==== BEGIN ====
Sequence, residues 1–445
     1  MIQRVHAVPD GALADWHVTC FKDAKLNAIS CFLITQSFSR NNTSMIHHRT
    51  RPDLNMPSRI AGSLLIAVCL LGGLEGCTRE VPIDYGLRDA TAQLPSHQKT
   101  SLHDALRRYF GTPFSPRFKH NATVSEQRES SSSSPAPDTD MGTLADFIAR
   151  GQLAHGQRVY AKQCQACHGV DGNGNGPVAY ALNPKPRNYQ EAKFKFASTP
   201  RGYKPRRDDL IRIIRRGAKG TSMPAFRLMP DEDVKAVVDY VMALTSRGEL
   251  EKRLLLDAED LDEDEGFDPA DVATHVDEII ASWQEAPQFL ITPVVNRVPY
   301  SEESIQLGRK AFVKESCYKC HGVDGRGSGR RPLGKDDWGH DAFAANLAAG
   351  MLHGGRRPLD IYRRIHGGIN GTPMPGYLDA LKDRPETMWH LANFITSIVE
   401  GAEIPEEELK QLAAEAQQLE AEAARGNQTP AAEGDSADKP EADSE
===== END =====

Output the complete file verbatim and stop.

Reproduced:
Sequence, residues 1–445
     1  MIQRVHAVPD GALADWHVTC FKDAKLNAIS CFLITQSFSR NNTSMIHHRT
    51  RPDLNMPSRI AGSLLIAVCL LGGLEGCTRE VPIDYGLRDA TAQLPSHQKT
   101  SLHDALRRYF GTPFSPRFKH NATVSEQRES SSSSPAPDTD MGTLADFIAR
   151  GQLAHGQRVY AKQCQACHGV DGNGNGPVAY ALNPKPRNYQ EAKFKFASTP
   201  RGYKPRRDDL IRIIRRGAKG TSMPAFRLMP DEDVKAVVDY VMALTSRGEL
   251  EKRLLLDAED LDEDEGFDPA DVATHVDEII ASWQEAPQFL ITPVVNRVPY
   301  SEESIQLGRK AFVKESCYKC HGVDGRGSGR RPLGKDDWGH DAFAANLAAG
   351  MLHGGRRPLD IYRRIHGGIN GTPMPGYLDA LKDRPETMWH LANFITSIVE
   401  GAEIPEEELK QLAAEAQQLE AEAARGNQTP AAEGDSADKP EADSE